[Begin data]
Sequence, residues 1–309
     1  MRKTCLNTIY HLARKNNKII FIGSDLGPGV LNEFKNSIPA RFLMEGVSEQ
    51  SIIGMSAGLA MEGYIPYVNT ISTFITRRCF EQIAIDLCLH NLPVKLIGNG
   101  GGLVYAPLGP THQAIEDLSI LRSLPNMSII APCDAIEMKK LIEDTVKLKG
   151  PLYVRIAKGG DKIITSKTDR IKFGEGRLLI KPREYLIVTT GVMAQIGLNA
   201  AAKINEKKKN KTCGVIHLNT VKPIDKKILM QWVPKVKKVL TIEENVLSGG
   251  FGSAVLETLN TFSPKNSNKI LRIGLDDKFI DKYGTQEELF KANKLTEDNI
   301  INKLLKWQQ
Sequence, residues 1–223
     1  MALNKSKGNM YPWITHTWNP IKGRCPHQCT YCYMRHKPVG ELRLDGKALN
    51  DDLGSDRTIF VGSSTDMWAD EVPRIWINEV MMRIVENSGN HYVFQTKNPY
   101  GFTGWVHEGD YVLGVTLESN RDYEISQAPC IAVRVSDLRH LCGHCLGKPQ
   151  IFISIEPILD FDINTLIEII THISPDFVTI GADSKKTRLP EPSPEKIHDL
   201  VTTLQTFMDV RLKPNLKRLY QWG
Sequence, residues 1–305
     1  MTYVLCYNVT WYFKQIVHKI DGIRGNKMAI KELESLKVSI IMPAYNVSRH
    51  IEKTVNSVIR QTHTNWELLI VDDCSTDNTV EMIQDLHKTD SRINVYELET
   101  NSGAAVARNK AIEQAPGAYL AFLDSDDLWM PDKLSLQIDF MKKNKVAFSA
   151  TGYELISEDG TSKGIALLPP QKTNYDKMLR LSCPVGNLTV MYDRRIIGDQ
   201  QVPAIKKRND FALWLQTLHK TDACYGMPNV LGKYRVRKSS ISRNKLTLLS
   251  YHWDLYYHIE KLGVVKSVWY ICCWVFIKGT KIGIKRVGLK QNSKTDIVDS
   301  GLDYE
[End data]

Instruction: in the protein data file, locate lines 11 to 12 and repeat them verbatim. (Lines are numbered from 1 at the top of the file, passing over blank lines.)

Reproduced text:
    51  DDLGSDRTIF VGSSTDMWAD EVPRIWINEV MMRIVENSGN HYVFQTKNPY
   101  GFTGWVHEGD YVLGVTLESN RDYEISQAPC IAVRVSDLRH LCGHCLGKPQ